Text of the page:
Haruki Murakami - Sputnik Sweetheart, translated by Philip Gabriel. + 1/2.
Not my first choice, but it was the only Murakami left on the library shelf yesterday afternoon. Easy, quick reading. Murakami's a weird one; I do find the oddness, the surrealistic quality of his ideas interesting, but the fact is his prose style itself leaves a lot to be desired (I am reliably informed that this is also true of the original Japanese, not just the English translations). The book, stylistically, occasionally hits a high note, but it also comes up with clunkers like this:
"Awesome," indeed. And then there are the weird similes, not so much uncanny as just plain wonky:I thought about Sumire. About the colossal hard-on I had the time I sat beside her when she moved into her new place. The kind of awesome, rock-hard erection I'd never experienced before. Like my whole body was about to explode.
the clatter of the ice cubes echoed hollowly, like the groans of a robber hiding in a cave.Not to mention a fair bit of name-dropping:She didn't seem to have to diet. Even so, it would appear she was superstrict about food. Like some Spartan holed up in a mountain fortress.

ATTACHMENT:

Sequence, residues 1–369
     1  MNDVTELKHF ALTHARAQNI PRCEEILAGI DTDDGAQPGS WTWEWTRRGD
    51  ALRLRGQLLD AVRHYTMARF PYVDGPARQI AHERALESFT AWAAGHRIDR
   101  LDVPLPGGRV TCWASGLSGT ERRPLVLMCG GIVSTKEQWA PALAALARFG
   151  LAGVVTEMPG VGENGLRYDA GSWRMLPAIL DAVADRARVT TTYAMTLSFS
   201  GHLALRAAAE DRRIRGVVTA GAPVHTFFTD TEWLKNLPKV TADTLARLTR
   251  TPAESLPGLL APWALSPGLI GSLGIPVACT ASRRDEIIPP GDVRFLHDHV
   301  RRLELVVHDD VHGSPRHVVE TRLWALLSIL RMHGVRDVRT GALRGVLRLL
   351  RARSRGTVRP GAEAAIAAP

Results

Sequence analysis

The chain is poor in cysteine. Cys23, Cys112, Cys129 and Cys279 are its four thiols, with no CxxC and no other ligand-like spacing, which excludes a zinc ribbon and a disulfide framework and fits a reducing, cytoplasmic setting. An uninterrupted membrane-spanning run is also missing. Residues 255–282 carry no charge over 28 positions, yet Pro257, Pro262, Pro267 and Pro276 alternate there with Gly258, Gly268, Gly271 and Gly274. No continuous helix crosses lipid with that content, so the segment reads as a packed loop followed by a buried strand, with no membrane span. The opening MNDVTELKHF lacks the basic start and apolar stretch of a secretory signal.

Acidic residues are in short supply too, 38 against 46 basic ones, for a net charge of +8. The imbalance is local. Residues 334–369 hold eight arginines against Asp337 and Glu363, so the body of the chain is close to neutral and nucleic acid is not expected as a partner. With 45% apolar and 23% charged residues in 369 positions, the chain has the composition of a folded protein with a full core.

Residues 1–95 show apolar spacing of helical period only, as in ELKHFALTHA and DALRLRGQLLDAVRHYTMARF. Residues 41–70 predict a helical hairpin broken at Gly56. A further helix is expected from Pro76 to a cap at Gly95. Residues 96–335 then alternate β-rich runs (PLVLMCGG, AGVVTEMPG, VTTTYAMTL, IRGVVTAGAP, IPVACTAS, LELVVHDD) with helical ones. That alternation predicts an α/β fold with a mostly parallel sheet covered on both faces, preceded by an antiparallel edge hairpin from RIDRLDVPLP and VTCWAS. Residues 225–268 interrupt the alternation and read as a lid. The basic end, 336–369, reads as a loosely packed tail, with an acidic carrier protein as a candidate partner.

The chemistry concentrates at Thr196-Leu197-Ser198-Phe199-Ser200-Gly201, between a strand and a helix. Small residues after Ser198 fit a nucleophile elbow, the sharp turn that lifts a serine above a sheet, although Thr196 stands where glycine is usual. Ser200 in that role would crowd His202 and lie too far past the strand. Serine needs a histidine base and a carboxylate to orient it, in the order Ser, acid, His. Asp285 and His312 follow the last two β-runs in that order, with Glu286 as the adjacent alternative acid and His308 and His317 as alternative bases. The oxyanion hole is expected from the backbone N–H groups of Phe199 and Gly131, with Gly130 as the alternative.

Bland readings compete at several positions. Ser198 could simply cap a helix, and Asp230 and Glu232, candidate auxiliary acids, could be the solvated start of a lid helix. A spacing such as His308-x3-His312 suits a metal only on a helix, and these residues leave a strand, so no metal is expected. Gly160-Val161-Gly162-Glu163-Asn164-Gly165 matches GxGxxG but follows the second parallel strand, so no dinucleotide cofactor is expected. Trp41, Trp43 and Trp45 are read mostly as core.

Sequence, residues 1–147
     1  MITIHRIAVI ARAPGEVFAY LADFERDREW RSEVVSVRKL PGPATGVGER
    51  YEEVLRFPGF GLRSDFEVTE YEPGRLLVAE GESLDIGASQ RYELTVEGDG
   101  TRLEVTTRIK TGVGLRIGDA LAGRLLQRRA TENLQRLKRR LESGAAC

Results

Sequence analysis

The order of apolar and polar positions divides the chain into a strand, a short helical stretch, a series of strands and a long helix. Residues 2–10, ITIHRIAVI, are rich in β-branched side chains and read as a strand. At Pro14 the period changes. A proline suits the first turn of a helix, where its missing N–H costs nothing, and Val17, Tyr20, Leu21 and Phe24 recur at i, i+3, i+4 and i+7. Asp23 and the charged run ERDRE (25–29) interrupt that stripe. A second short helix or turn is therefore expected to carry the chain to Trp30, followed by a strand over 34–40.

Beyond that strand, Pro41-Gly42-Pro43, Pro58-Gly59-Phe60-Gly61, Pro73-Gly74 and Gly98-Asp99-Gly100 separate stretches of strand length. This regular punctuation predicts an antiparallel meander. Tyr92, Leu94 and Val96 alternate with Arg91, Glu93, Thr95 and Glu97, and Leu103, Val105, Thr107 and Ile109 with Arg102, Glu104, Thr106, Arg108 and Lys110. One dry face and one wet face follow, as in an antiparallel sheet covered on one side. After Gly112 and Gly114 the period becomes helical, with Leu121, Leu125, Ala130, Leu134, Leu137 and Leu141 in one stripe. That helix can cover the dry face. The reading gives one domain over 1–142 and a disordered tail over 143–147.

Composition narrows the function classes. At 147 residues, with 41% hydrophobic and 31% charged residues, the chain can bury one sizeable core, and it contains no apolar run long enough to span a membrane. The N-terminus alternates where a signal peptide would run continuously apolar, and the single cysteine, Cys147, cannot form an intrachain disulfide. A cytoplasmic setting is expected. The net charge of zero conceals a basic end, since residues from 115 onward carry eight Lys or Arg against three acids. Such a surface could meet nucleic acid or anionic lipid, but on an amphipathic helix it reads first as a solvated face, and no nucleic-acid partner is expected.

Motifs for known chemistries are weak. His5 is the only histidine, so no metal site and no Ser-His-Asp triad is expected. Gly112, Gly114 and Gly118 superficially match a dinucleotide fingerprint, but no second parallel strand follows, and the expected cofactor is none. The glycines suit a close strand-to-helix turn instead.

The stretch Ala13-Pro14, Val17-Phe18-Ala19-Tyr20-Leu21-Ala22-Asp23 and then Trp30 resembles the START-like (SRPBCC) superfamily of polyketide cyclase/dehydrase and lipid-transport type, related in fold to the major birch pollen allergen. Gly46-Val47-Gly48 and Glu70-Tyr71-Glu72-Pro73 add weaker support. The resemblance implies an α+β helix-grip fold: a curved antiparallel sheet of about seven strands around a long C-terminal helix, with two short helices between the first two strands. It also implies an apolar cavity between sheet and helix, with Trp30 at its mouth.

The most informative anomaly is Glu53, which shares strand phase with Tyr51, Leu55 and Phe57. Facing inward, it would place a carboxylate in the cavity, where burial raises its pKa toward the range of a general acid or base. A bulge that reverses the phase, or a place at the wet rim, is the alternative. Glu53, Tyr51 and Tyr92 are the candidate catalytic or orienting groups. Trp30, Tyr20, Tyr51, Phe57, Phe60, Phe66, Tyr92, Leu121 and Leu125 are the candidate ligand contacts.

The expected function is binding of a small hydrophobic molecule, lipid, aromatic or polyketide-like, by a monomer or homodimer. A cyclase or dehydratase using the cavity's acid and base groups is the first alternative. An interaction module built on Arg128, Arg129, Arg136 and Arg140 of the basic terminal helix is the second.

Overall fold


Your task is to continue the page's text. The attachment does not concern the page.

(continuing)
But despite all that, I still like it. Under all the clunk and wonkiness, there is a strange, hard, alluring core. The descriptions of Miu's experience in Switzerland sent a nicely disturbing shiver down my spine.A large truck coming to a halt at a red light blatted its hoarse air brake, reminding me of Ben Webster on the Tenortone in his later years.